This, in my opinion, is yoshis strongest point. To be honest it disheartening when I see Yoshi players end combos with B! b2,1 because you're KILLING yoshis options for followups for a few minor points of damage. The main benefit of yoshis oki is that you're able to somewhat train the opponent to react to how you want them to, and yield better followups for an extended combo or massive damage. To do this, I end my first post B! combo with uf1+2~ d. This attack hits grounded and techrollers will whiff vs backrollers), but you need to observe how the opponent reacts. If you notice the opponent is tech happy, you can go for the 'Tenshi Special' using bb+1+2, which will connect vs techs for massive damage.
If the opponent refuses to tech and stay grounded post B!, you may opt to dash, d+1+2, 3+4. Players who refuse to tech will sometimes tech after this attack out of panic, thus yielding a free sword sweep for an additional combo. In the event they lay still again, I may opt for uf+3+4, d+1+2. The stomp will connect, however the flea will whiff... but you will be in BT flea position which has a massive unblockable hitbox. If BT flea isn't your thing, you may opt for a simple u+1 for some extra damage. In the event they backroll, a well timed CD1 will relaunch for more damage.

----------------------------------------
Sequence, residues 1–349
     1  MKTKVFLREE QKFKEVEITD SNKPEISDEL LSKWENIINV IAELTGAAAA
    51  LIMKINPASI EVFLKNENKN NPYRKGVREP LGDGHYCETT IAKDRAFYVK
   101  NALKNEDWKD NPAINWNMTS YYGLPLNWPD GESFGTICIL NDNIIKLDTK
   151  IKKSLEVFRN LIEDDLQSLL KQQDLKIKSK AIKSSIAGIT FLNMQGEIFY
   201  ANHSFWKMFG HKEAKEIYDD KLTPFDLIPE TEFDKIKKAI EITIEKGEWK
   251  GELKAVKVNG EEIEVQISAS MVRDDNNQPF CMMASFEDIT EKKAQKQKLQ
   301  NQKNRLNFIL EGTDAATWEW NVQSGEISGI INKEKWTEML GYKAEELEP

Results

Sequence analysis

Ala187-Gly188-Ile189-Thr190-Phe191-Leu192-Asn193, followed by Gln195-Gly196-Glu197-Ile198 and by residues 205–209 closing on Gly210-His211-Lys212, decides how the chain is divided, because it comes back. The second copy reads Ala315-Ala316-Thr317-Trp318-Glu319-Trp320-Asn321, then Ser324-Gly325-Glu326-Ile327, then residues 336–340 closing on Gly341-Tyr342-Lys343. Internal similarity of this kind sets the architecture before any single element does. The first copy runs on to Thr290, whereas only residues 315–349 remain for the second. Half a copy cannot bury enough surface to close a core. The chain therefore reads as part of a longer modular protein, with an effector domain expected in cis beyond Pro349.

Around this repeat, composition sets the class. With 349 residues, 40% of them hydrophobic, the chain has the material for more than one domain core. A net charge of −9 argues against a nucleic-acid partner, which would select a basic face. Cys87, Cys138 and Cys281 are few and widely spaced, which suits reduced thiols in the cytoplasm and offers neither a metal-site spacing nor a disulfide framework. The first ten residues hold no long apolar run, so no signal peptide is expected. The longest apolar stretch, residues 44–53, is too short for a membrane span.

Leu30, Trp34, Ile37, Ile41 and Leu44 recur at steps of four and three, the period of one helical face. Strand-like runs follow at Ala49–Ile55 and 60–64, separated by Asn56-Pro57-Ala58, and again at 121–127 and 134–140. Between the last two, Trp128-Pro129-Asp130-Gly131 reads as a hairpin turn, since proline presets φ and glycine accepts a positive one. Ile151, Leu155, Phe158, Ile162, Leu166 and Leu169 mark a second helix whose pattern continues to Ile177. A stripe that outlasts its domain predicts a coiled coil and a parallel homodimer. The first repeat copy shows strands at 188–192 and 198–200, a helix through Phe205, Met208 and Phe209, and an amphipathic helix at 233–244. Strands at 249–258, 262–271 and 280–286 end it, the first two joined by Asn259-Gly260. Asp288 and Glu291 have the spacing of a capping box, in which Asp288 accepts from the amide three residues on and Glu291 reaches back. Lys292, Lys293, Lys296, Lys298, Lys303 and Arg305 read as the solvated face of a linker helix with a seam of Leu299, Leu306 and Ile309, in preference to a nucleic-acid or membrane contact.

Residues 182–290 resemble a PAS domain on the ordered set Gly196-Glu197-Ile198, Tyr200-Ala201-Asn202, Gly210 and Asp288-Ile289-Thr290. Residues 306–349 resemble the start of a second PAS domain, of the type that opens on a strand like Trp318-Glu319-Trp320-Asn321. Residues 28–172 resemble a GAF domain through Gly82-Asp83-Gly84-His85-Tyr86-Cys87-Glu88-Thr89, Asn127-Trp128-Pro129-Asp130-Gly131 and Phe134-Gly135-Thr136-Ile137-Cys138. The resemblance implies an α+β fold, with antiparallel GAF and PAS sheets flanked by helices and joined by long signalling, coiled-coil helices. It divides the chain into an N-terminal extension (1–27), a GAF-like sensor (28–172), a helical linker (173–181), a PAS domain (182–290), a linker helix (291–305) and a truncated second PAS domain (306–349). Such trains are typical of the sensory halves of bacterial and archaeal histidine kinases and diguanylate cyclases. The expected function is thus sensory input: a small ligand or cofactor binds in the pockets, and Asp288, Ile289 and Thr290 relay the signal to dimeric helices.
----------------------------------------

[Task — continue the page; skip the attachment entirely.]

With all these opportunities, why would you even want to b21? Well, I can think of one instance where b2,1 is a viable option with additional oki potential: that instance is where you can end combos with b2,1 ~ kin f+2. I personally rarely end with kin f+2 after b21, I prefer to go for KIN or DGF mixups. If you've found your opponent is backroll happy, give this a shot:
u+3+4, f+1+2 B! b+2, 1~ kin 2, 1+2. This catches backrollers and take a huge chunk of life and leaves the opponent in B! state close enough for even more oki using the same b2,1 tactics. Even if the opponent lays still after b2,1~ kin 2, 1+2 will hit grounded for a chunk of health.